Energy Efficiency Fast-forward 20 years and you have that same efficient systems groundswell of support rejuvenated. Terms like “green” and “carbon footprint” have littered this industry’s landscape — in a good way.
XylemKnowsH2o is the social media component of Xylem – Applied Water Systems. We are here to discuss the world’s water issues. With innovative systems in almost every area of water handling, control, treatment and distribution, Xylem is deeply involved in the cycle of water.
We are focused on producing highly efficient products and systems that use less energy and provide environmental benefits to users and the communities in which they operate. Come, join the conversation – Let’s Solve Water…
“Do you conserve water?” That was the headline of an online article I recently read. But what grabbed my attention was the date of the article – August 1963. That was 47 years ago.
Guest blogger Dan Holohan writes about the Lost Art of Steam Heat. Lots of talk about low-hanging fruit lately – those things we could do to improve the efficiency of America’s older heating system, without having to knock the place down and start anew.
As much as we all love pumps, we have to admit they’re pretty useless unless they’re connected to pipes on the suction and discharge sides. And, of course, pumps need to be properly anchored if you want to avoid noise, vibration, leaks, and lawsuits. So, without further adieu, here are some tips for connecting pumps to pipes and pads.
It’s mid-way through November and this is a good time to remind building owners that they only have a few weeks left to get federal tax credits up to 30% of the cost of qualifying energy-efficient products and/or system upgrades. These rebates apply to upgrades to heating and air conditioning units, water heaters and qualifying products purchased by December 31, 2010 deadline.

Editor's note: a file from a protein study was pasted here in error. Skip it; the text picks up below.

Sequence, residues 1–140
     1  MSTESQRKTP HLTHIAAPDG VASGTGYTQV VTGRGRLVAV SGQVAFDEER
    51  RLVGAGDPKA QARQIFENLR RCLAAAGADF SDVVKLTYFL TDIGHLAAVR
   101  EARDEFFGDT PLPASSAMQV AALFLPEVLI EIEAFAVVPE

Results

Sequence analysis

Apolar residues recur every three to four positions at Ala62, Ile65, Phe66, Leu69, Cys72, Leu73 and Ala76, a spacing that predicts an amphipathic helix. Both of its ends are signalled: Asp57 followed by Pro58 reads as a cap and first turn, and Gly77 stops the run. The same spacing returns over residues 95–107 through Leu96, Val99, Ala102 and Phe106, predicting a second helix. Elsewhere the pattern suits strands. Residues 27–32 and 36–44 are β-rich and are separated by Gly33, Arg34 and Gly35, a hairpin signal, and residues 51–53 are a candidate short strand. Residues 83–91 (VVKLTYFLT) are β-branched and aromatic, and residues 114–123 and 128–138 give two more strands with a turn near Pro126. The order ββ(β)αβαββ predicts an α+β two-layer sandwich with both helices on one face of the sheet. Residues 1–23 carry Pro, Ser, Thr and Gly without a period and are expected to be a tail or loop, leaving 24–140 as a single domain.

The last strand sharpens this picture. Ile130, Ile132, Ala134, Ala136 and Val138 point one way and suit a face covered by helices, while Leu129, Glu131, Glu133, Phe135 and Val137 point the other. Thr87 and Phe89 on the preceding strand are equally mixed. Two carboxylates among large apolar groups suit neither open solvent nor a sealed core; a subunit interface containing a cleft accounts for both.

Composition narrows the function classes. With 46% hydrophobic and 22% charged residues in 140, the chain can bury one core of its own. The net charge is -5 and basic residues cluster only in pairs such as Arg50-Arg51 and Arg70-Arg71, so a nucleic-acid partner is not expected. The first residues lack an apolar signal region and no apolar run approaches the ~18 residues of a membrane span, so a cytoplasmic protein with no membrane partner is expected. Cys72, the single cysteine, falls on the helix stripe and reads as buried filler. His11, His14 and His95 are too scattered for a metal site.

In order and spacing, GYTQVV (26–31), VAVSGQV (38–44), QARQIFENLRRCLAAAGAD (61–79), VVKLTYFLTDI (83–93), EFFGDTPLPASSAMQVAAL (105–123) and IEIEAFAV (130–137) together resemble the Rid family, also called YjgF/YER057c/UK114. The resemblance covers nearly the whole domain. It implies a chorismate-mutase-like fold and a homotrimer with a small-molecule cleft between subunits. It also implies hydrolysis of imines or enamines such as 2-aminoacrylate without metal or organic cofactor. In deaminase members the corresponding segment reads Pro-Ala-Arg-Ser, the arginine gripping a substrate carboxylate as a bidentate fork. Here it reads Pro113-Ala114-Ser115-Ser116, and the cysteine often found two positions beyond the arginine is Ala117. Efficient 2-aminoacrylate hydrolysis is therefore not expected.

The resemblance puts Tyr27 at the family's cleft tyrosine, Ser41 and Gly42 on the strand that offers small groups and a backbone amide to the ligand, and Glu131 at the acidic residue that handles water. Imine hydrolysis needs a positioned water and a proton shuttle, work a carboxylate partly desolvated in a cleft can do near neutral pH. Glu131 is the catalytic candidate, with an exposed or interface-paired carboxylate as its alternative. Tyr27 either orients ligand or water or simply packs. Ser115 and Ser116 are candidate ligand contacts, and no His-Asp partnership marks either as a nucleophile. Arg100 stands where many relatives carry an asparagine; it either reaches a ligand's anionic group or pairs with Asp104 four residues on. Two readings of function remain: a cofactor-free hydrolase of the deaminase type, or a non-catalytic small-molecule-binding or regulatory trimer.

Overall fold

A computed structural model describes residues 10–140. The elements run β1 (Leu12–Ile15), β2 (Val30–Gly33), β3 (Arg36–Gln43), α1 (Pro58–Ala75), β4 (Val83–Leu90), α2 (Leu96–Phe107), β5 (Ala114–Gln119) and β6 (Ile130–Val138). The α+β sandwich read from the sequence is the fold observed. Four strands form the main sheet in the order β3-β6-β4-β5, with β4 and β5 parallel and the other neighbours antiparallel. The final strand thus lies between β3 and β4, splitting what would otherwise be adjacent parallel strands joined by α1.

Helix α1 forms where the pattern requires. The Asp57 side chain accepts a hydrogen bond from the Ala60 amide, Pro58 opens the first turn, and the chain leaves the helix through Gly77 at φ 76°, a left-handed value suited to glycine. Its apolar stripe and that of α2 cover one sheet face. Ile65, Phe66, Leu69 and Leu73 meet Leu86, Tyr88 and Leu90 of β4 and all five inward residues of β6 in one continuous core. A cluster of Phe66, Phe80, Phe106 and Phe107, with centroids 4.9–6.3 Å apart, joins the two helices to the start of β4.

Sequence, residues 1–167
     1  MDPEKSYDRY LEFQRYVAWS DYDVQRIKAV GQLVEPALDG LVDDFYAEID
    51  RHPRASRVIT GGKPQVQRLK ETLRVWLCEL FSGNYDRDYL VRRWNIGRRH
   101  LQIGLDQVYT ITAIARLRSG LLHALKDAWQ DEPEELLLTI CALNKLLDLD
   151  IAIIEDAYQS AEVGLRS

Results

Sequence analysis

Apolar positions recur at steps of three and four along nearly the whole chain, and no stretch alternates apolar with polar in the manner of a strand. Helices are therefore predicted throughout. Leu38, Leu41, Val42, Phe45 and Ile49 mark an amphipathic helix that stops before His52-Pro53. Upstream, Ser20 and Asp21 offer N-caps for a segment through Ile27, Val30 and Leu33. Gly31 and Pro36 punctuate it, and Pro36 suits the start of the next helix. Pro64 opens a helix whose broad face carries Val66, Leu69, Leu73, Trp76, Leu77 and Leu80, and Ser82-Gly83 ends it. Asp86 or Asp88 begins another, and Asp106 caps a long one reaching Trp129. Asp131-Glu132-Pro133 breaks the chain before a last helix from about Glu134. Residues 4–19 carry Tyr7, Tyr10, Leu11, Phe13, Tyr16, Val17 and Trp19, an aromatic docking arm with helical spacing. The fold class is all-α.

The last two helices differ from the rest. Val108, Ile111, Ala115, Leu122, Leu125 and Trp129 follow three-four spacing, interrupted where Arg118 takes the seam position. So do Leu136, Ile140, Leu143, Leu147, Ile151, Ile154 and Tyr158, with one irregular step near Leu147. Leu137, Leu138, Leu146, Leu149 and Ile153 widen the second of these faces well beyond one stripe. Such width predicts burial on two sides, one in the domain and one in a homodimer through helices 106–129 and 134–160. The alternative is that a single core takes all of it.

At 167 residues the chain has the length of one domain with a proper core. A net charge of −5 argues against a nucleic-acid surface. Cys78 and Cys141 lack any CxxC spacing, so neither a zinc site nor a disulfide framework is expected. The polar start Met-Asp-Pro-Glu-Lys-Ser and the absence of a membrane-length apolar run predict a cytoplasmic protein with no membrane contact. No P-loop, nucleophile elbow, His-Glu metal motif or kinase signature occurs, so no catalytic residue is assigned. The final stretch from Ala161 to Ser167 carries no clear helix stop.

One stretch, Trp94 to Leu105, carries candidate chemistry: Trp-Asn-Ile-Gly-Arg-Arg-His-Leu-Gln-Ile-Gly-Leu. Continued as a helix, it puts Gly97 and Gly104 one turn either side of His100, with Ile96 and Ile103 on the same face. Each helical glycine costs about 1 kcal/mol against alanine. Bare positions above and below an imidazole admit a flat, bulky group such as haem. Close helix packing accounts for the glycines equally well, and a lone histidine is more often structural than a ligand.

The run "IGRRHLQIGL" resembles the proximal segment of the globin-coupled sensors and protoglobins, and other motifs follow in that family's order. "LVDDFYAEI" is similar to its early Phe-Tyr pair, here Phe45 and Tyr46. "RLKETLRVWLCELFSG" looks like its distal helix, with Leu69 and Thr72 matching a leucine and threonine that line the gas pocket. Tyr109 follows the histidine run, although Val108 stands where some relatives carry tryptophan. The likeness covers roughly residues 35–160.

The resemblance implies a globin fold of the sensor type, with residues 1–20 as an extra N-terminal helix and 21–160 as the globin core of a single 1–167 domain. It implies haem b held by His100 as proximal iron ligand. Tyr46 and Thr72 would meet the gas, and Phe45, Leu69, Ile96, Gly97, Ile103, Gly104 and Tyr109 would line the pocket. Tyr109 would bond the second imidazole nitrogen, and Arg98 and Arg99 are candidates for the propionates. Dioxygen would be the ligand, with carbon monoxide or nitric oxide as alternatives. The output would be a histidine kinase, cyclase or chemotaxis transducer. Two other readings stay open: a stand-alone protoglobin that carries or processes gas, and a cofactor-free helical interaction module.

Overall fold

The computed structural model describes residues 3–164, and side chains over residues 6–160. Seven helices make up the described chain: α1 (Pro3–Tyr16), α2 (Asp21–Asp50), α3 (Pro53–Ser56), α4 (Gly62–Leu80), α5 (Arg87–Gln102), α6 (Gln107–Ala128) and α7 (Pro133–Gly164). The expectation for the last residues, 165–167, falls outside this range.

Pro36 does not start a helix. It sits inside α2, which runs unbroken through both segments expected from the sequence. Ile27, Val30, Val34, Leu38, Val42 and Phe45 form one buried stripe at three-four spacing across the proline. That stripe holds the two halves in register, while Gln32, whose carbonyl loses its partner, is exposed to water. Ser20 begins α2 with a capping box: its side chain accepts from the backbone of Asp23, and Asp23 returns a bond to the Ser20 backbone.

As we all know, pumping less water in a hydronic system is an easy way to save money on monthly bills. In existing buildings and new buildings, you’ll find that engineers often opt to overdesign systems, leading to too much water in systems. In existing buildings, to reduce energy costs, there’s a tendency for operators to reduce water flow, but not always in the best ways. So here are some tips to optimize water flow for new and existing buildings.
The popping, hissing, swishing and crackling noises you may have heard coming from a pump is cavitation — bubbles created from too much vapor in the hydronic loop that are collapsing and causing pressure waves to strike interior pump surfaces.
Water is a constant in our daily lives. We need it to drink, cook and clean. We need it for sanitation, fire protection, watering our lawns and washing our cars. We need it to live. Even so, it’s easy to take water for granted.
As most water pros know, LEED is a point-based system administered by the U.S. Green Building Council, with points awarded for meeting the specific requirements of credits in each of the categories.
Whether it is the certification of individuals, products or processes, certification confers an array of valuable benefits to the individual or company, the sanctioning professional group, and to the marketplace in general.